Imagine for a moment the classic I Love Lucy scene that takes place in Kramer’s Kandy Kitchen. Lucy and Ethel are trying to wrap candy but the conveyor belt is delivering it too quickly. Some of the candy gets wrapped, some of it gets through unwrapped, and some of it ends up hilarious places better left unmentioned. And then venerable character actress Elvia Allman yells, “Speed it up a little!”
Now imagine that you’re Lucy and every piece of candy is actually a piece of data, coming at you with overwhelming speed. It’s a horrifying thought to have to wrap it – or, in this case, identify it and figure out whether it’s important enough to analyze, not to mention determine how it should be analyzed. But potential scenarios exist in real 21st century life: analyzing security data, video feed data, health-care data. Any scenario where finding an answer faster will fight crime, reduce costs, or save lives.
Ever since I wrote about the concept of fast data for Computerworld a few months ago, I’ve found the topic fascinating. That’s why I was so gratified to see it pop up on more radar screens recently.
Perhaps the most relevant approach to fast data appeared recently in the Wall Street Journal, where consultant Randy Bean noted, “In contrast [to big data’s historical focus], Fast Data is about “data in motion” and immediate response and action. It’s the velocity component of the Big Data triad. While large corporations have been focused on the variety and volume of data they manage, Fast Data applications are being developed to seize on the opportunities presented by data velocity.”
Emagine CEO David Peters wrote in TechRadar earlier this month about the importance of fast data for communications service providers – some of which applies to other industries – but since his company sells a “real-time event decisioning platform,” consider the source.
In InfoWorld, also earlier this month, consultant Yves de Montcheuil wrote about the drive toward real-time business intelligence, nicely encapsulating the issues behind real-time data collection, processing, and insight availability. Rather than whitewashing the concept, de Montcheuil addresses some of the pitfalls as well:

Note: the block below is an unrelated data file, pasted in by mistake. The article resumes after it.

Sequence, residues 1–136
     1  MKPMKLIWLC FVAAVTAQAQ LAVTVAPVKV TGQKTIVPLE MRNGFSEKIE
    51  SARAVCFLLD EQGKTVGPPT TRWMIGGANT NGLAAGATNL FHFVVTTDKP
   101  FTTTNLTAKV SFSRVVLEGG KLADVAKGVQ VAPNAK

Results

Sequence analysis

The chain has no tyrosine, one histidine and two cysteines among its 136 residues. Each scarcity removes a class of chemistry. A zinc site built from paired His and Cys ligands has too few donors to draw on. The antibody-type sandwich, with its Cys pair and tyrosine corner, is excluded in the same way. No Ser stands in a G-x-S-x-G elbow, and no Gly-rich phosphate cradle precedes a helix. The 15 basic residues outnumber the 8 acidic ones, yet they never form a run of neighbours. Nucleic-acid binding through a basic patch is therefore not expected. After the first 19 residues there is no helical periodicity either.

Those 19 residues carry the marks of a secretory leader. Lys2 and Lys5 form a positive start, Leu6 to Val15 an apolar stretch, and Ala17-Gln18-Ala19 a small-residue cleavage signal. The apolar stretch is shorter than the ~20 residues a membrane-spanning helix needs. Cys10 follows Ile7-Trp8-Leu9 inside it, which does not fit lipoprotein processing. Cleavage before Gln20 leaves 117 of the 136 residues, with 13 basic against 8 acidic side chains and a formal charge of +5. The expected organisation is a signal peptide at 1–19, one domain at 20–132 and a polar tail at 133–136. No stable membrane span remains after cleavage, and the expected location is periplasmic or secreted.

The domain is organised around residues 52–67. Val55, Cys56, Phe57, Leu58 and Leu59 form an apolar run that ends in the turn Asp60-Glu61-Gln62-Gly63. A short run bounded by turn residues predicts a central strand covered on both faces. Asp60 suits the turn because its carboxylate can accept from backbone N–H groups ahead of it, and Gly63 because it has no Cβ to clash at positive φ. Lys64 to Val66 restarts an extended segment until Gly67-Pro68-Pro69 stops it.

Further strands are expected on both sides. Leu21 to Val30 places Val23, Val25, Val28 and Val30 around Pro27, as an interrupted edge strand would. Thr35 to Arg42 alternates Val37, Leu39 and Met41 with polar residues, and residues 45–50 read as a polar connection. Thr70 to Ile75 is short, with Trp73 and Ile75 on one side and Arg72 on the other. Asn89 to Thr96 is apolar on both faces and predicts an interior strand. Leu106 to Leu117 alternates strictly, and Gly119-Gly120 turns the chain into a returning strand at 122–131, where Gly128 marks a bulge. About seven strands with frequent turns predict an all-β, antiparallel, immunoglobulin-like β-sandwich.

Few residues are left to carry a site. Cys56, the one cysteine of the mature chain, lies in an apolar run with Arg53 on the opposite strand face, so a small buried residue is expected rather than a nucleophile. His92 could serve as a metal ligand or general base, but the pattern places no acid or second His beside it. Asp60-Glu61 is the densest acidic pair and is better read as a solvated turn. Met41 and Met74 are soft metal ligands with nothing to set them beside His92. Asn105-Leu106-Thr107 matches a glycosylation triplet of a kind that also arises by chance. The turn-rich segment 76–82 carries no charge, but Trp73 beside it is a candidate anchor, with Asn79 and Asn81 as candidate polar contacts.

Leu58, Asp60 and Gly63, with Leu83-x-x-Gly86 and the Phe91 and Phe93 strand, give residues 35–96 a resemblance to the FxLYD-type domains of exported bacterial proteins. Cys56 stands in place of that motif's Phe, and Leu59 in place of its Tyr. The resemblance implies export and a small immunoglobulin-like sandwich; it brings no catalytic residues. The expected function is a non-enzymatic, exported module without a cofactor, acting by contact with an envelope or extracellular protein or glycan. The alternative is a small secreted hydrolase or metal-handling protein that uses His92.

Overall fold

“Beyond the technical challenges of running smaller/faster batches and streaming/messaging technology, the major difficulty of real-time business intelligence resides in the differences in velocity between the different types and sources of data. Because not all data enters the data warehouse/mart/lake at the same time, and because it is not refreshed at the same frequency, updating the data analysis and reference structures becomes very challenging.”
InfoWorld continued with the question of the viability of fast data last week in Matt Asay’s look at the streaming future of big data, thanks to new technologies such as Spark, Storm, and Kafka (man, what a literary nightmare those names connote). Though much of his article is a volley between those who believe in batch and those who prefer real-time, he rightly notes that there’s room for both. As one of his sources says, “Batch isn’t going anywhere as there will always be a place for large-scale analytics with gobs of data.” The same source, he adds, has “a ton of interest in streaming analytics [but adds that] it’s ‘way too early to say’ how it will all shake out.”
It may be “too early” for that kind of decision, but it’s never too early to start thinking about data sources you have that currently move way too fast for you to analyze accurately. You may not be able to slow the conveyor belt down, but you can get a whole lot better at wrapping the candy.
This article was written by Howard Baldwin from Forbes and was legally licensed through the NewsCred publisher network.